Clay Shirky surprised me with his excellent look at Michael Powell, Bush’s candidate to run the Federal Communications Commission. Powell is Colin Powell’s son and, aside from Gail Norton, the closest thing to a libertarian in Bush’s administration.
Shirky points out that Powell’s biggest opponents are likely to be Republicans who have a vested interest in the status quo at the FCC. Shirky doesn’t mention it, but it was Republicans in Congress, for example, who pushed through a bill essentially overturning the FCC’s decision to approve low power radio.
Add to that the faith that Democrat lawmakers have in state-run air waves, and Powell will likely become a whipping boy for Congressional hearings once he announces that the First Amendment actually applies to broadcast media.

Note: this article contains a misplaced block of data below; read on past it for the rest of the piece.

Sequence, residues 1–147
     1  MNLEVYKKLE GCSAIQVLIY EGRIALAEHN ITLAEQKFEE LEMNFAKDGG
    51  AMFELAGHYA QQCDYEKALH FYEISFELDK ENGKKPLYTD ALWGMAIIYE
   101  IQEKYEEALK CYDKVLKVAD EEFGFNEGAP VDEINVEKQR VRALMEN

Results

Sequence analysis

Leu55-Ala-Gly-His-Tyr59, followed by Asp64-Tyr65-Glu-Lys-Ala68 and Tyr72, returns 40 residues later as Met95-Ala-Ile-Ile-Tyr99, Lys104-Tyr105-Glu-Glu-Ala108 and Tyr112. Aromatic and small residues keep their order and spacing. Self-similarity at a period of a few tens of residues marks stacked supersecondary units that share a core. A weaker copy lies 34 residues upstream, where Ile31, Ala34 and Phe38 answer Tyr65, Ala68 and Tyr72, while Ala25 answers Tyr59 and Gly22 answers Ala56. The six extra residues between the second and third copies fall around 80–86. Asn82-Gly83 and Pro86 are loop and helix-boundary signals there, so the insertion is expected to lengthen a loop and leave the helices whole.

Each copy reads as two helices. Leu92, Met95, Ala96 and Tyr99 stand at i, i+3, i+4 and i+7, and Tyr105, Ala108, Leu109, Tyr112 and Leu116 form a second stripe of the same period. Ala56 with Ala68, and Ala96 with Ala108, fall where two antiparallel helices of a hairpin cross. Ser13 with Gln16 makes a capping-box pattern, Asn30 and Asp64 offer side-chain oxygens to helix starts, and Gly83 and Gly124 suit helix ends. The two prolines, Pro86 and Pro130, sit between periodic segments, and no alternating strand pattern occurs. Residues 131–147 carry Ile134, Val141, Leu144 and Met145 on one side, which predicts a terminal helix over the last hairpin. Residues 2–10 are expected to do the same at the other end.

The Internet has demonstrated the sort of diversity that communication systems can have when they are made widely available. If Powell succeeds, he could make radio relevant again. If not, radio will continue its long downward spiral into mediocrity.
Disappearing Act. Clay Shirky, FeedMag.Com, February 9, 2001.